Before you decide to crap upon or otherwise dismiss this film about a real-life smalltown minister whose young son has a near-death experience, during which he claims to have been to heaven, be confident in the fact that this is not a film trying to make you believe in God or heaven or Jesus or angels, although all four are a part of this story. Although the phenomenon of faith-based films still baffles me in their existence (preaching to the choir never seemed like the best kind of recruiting tool), HEAVEN IS FOR REAL (based on the best-selling book by Todd Burpo, played in the film by Greg Kinnear) is more the story of a man of the cloth who has his belief structure challenged, not by non-believers, but by his son laying eyes on the very things he encourages other to believe in every Sunday.
The very nature of faith is to believe in something because you have never seen or heard from; it's an extreme form of trust, and you agree to do so because it feels right in your heart. But when 4-year-old Colton Burpo (newcomer Connor Corum) tells his father, "I heard angels sing, I met Jesus, I saw your long-dead father, I met my miscarried sister, I saw you in the hospital chapel yelling at God," it's a lot for him to accept all at once. Because when you get something resembling proof of what you previously only had faith in, that's a whole other level of believing. And that subject alone would be a fascinating one for a movie to tackle, but maybe not this one.
HEAVEN IS FOR REAL gets quite a bit right, but the whole package feels too quaint and is delivered too by the numbers. I was surprised how much of the film deals with Todd's spiritual shake-up; he actually says to his congregation that he's not sure what he believes any longer, and that's enough to get the church board members in a tizzy and threaten to remove him if he doesn't get his head on straight. Strangely enough, the board members aren't concerned that he'll stop believing in God and heaven; they're afraid he's believe his own son's claims. Kinnear is an excellent choice for this character; he's a charming enough guy to believe he can not only hold a crowd with his laid-back sermons (we never ever see him in any kind of collar, because he's not a priest), but also a talented enough actor to play the anxiety-riddled family man.
The supporting cast is stronger than you typically find in a faith-based film (I'm talking to you, OCTOBER BABY, FIREPROOF, and COURAGEOUS, and wait until you get a look at the upcoming MOMS' NIGHT OUT...oof!), with such actors as Kelly Reilly (FLIGHT) as Todd's loyal wife, Thomas Haden Church and the always-reliable Margo Martindale as a church board member who shares a particular scene with Kinnear that almost brought me to tears. More interestingly, the film was directed by Randall Wallace (WE WERE SOLDIERS, SECRETARIAT, THE MAN IN THE IRON MASK, and the writer of BRAVEHEART and PEARL HARBOR), who clearly is all about the sweeping, epic tales. I'm guessing the unusual nature of the Burpos' dilemma captured him more than the godly elements specifically.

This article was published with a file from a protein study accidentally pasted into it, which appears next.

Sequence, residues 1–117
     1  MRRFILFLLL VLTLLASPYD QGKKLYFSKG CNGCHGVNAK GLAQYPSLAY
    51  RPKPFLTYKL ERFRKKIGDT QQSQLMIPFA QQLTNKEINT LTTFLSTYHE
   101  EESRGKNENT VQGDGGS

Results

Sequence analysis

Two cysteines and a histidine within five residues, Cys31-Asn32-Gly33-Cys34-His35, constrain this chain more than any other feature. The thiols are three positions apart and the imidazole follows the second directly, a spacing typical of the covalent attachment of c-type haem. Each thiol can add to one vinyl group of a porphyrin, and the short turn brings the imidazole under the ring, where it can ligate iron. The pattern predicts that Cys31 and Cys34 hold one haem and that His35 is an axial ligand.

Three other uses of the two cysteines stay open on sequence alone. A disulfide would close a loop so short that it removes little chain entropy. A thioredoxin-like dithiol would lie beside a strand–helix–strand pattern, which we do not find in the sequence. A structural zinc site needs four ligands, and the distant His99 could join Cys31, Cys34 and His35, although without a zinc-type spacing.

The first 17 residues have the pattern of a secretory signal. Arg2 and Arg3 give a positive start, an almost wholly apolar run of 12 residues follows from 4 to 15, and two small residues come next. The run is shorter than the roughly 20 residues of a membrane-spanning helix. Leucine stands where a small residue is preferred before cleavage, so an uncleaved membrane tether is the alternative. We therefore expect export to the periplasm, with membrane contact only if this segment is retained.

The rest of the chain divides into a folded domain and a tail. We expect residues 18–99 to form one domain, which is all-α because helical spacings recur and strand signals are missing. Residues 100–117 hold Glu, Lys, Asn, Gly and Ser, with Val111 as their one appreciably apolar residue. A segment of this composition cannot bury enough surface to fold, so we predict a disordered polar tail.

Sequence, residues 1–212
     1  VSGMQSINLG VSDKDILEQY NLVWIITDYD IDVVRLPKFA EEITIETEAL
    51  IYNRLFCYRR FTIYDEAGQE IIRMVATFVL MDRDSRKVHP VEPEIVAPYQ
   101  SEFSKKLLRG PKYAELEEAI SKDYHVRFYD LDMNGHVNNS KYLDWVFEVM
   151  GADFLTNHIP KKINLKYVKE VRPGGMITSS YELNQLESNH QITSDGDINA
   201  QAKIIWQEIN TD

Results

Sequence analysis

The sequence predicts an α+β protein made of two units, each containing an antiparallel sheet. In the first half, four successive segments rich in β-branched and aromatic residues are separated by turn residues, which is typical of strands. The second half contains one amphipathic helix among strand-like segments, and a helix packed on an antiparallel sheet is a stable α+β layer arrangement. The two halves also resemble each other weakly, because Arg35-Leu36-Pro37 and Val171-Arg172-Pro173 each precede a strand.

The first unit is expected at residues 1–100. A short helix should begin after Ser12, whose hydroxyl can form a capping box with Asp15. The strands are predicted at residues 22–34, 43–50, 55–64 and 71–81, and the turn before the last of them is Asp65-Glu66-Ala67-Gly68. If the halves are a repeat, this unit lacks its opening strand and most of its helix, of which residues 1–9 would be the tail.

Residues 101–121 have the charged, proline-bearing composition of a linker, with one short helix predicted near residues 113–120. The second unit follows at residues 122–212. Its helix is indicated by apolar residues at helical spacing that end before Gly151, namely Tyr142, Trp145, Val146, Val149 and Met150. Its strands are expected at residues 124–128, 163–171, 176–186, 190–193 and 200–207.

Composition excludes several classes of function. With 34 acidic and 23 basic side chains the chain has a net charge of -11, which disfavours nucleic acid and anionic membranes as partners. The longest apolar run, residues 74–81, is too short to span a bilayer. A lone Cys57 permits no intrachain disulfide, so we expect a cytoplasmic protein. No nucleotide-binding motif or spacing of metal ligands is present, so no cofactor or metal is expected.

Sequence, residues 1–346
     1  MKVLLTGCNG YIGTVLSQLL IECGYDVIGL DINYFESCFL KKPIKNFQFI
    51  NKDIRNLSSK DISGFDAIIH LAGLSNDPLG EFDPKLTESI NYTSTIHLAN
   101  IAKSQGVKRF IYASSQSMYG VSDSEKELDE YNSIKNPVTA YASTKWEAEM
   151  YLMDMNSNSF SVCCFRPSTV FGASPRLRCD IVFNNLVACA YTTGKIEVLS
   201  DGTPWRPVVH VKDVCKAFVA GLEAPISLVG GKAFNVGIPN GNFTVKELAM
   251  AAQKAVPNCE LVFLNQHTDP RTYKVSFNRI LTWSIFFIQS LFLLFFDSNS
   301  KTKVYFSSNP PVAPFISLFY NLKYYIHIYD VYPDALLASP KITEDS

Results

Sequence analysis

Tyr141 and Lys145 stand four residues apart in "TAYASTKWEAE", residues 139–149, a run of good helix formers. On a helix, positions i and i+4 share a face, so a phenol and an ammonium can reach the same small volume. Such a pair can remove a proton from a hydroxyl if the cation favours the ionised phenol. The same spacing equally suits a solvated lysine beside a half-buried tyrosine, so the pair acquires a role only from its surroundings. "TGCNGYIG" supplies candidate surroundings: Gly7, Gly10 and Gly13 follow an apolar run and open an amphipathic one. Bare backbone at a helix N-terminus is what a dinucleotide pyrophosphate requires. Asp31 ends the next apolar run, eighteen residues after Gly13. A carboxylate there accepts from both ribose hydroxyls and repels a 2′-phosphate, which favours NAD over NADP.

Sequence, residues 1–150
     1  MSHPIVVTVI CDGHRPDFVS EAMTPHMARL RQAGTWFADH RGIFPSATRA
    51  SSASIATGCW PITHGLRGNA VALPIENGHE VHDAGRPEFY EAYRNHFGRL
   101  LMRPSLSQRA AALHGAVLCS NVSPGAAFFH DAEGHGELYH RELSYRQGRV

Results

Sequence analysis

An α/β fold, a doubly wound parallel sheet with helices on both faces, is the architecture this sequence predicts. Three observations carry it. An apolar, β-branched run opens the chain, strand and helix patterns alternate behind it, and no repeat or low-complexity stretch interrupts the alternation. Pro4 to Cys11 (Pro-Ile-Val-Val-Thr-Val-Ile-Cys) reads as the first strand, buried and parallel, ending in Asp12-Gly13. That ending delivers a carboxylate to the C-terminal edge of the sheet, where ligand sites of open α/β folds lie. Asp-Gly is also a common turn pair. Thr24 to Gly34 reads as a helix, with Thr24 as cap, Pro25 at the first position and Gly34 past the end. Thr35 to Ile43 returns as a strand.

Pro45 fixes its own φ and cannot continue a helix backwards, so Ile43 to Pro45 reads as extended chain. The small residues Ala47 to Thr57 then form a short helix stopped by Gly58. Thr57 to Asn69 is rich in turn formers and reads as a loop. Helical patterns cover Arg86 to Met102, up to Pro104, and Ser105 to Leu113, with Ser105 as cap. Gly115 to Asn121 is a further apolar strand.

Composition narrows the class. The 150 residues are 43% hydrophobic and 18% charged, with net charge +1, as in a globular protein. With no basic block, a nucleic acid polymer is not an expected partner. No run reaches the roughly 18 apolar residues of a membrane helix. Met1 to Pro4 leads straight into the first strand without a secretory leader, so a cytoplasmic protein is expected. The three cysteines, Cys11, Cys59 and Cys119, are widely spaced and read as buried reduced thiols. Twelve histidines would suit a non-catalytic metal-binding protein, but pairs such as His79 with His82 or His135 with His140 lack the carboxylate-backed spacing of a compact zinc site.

But even a filmmaker like Wallace can't overcome the overly saccharine nature of the storytelling. It unfolds like a folk tale, rather than a development that put a severe strain on this family. We learn early on that Todd has many jobs in the community, which at first seems to be a way of showing us that he's a working-class man of the people. But we soon come to realize that he works so many jobs because he and his family are having trouble making ends meet on a preacher's salary, combined with especially tough economic times. That is the real drama of this film, and it's unceremoniously pushed to the background in favor of less compelling material.
I suppose I should thank someone in charge that there are no manufactured villains to contend with, just a few concerned parishioners who just want somewhere to feel holy every Sunday without being challenged (I'm have no doubt they get plenty of challenges the rest of the week). I'm not bagging on the film because of its religious tones; those are actually fascinating to me. It's the not-so-veiled attempts not to offend anyone one, either in the film or in the audience.
HEAVEN IS FOR REAL is not a terrible movie; anyone who says it is probably thought so before they walked into the theater to see it. It's simply, whole-heartedly average—an intense beige that offers no enlightenment or resolution. If there's any message here, it's to believe in something, even if that something has nothing to do with God. That's good advice, I suppose, but it doesn't make for an especially interesting viewing experience.